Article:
By New Times
By Connor Radnovich
By Robrt L. Pela and Amy Silverman
By Ray Stern
By Keegan Hamilton
By Matthew Hendley
By Monica Alonzo
By Monica Alonzo
"Now isn't it sad that the inmates would protect me?"
She says she approached a female sergeant about the incident and was told: "'You can't trust your other officers. They will stab you in the back quicker than the other inmates.' Pretty sad, isn't it?" Durrer says.
The afternoon of the Tent City riot, Durrer says four detention officers came running into an office in her area of Madison Street Jail. "Man, we're going to kick some ass tonight. We're going to beat the shit out of some inmates," the men were saying, according to Durrer.
"I told my partner . . . I don't want them coming in here and disrupting these men. I don't want these inmates going crazy because of these four idiots. You tell them not to come in here, and when I get in there, you close the slider so the inmates don't have to hear them."
The inmates were curious about what was happening, but Durrer told them to calm down so no one would come in and beat them.
"There are so many officers who are idiots, and they lie," Durrer says, claiming that Arpaio is unaware of most of what happens in his jails and the extent of detention-officer malfeasance.
"They cover it up. That's why I was fired. I went to my sergeant and told him how this white officer had called the other one a nigger. And he didn't believe me. I told him everything that happened and he didn't believe me. I told him the truth and he didn't want to hear it because they were his buddies."
Durrer also claims that she suffered sexual harassment at the hands of her fellow officers, who made inappropriate and belittling suggestions to her on the job.
Sheriff's Office spokesman Detective Lew Sorci says Durrer was released while under her initial, probationary hiring period because her "performance was not meeting performance standards." Sorci acknowledges that Durrer and her husband raised questions of inappropriate behavior by her co-workers, and were informed how they could register her complaints and appeal her dismissal.
Meanwhile, Durrer tells New Times that for a week prior to the November 17 riot, detention officers were prepared for a disturbance they expected to occur.
"Everybody said that it was coming," Durrer says. "And there's supposed to be one at Madison coming."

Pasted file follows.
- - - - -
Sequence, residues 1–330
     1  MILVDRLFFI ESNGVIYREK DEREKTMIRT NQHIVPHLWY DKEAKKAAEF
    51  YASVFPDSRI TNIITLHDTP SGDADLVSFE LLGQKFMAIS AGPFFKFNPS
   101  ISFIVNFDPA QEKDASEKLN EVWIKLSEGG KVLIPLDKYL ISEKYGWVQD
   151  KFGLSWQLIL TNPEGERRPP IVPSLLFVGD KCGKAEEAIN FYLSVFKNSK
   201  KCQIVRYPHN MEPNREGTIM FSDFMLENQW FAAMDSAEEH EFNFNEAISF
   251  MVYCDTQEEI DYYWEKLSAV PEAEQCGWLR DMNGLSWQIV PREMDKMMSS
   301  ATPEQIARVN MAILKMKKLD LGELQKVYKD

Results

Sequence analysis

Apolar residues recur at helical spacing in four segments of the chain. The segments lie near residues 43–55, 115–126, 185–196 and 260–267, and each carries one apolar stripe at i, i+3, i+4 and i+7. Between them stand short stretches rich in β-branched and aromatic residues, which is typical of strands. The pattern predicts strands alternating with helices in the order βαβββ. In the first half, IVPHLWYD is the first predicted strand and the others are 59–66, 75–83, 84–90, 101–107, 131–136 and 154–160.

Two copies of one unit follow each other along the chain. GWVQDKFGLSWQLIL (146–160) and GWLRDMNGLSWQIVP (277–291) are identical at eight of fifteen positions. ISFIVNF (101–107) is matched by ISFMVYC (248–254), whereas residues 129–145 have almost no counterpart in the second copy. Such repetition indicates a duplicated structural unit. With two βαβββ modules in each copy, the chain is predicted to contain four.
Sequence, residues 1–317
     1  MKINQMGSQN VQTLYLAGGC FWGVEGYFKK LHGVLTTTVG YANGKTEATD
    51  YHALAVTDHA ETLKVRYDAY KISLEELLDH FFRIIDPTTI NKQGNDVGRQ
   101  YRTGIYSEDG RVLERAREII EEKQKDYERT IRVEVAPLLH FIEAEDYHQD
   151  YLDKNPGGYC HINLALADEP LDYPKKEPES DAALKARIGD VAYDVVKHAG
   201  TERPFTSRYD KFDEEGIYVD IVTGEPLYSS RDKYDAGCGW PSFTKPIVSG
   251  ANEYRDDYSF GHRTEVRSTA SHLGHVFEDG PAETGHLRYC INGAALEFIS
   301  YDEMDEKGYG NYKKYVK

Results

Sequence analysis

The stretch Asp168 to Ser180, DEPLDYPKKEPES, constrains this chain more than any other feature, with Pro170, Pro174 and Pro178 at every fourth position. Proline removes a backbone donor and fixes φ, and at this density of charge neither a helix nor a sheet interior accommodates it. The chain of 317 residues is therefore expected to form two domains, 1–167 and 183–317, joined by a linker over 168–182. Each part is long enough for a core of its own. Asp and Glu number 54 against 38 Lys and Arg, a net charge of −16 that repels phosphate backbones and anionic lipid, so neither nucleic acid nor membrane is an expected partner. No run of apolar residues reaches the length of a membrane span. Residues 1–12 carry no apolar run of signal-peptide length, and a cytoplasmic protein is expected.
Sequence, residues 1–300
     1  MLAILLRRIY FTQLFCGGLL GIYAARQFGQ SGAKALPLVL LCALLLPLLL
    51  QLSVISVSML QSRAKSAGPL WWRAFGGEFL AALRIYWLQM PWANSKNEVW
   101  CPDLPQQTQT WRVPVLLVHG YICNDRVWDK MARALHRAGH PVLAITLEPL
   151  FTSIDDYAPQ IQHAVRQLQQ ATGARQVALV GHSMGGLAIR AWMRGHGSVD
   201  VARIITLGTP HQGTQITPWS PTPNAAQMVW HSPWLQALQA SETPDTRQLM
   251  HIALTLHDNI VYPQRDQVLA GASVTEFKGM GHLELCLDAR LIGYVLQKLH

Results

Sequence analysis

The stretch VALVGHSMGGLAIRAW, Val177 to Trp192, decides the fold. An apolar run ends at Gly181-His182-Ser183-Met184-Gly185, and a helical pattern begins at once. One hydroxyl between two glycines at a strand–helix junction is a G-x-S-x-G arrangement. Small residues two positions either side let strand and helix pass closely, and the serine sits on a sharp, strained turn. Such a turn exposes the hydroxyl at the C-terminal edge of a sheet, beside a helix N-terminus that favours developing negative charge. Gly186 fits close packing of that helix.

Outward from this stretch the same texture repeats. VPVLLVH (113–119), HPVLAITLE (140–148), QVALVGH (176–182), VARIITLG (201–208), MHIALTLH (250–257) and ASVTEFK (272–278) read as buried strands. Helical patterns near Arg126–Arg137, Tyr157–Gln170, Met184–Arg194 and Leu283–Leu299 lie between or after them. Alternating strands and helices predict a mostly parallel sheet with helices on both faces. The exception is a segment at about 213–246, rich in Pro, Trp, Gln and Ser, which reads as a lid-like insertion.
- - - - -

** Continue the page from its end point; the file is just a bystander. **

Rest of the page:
She's asked who had told her this.
"Other officers," she replies.
How do they know?
An investigation by the federal Department of Justice found evidence that inmates in Arpaio's jails were being physically abused and were being denied necessary medical care. U.S. Attorney Janet Napolitano has announced that the recent riots will be included in that ongoing investigation.
Meanwhile, people who have spent time in Arpaio's jails tell New Times that conditions are generally Third World.
Fred Vazquez was mentioned in a New Times story about nonwhites who were beginning to join the patriot movement ("Affirmative Reactionaries," March 28). Recently, when Vazquez mouthed off to a judge who wanted to know when he was going to pay for an outstanding speeding ticket, Vazquez was ordered to spend 16 days in Tent City.
During his short stay, Vazquez was put to work in Tent City's kitchen. He called New Times after he was sprung to say that Sheriff Joe has a vermin problem.
"We'd serve the inmates pancakes that mice had chewed. Bread that mice had been in. The mice had chewed holes in the bread. Their feces were all over it. Cockroaches were baked into the bread. We tried to throw away what he could, but a lot of it was still getting out to the inmates."
Vazquez says cockroaches would run in and out of hollow serving trays while the food was being put on them.
"The other day we were trying to put bagels onto plates, and it's bad enough that we have to keep roaches off of the outside, but there's mice trying to get into the bag of bagels from the bottom."
And as for what was on the menu: "For dinner you'd get a side order of salsa, a boiled potato and another side order of ground sardines in tomato sauce and two pieces of bread. That was on Saturday. On Friday, the day before, we had salsa, the boiled potato sitting on some kind of gray gravy, and two pieces of bread."
And lunch? "One slice of cheese, one cold-cut slice--and sometimes it's not even a whole slice--a piece of bread and maybe some raisins."
Other inmates have written to New Timestelling of inadequate portions and rancid food. One correspondent complained that three times in one week dinner had consisted of a slice of bread covered in barbecue sauce.
Vazquez says the inmates working in the kitchen received much better food than what they served to the general population. "We ate this stuff every day--burritos, fried chicken, onion rings, ice cream," Vazquez says. "But that isn't what the staff put out for the inmates. A jail employee made sure the good food stayed in the kitchen and was thrown out if we didn't eat it."